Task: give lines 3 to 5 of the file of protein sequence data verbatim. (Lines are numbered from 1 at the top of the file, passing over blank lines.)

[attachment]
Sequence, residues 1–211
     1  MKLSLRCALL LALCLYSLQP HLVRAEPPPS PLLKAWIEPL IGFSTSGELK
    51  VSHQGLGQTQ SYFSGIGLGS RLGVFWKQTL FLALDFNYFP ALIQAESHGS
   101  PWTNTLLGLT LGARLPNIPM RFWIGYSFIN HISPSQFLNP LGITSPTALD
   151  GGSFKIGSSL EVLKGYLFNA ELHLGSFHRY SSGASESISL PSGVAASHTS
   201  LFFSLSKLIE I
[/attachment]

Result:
    51  VSHQGLGQTQ SYFSGIGLGS RLGVFWKQTL FLALDFNYFP ALIQAESHGS
   101  PWTNTLLGLT LGARLPNIPM RFWIGYSFIN HISPSQFLNP LGITSPTALD
   151  GGSFKIGSSL EVLKGYLFNA ELHLGSFHRY SSGASESISL PSGVAASHTS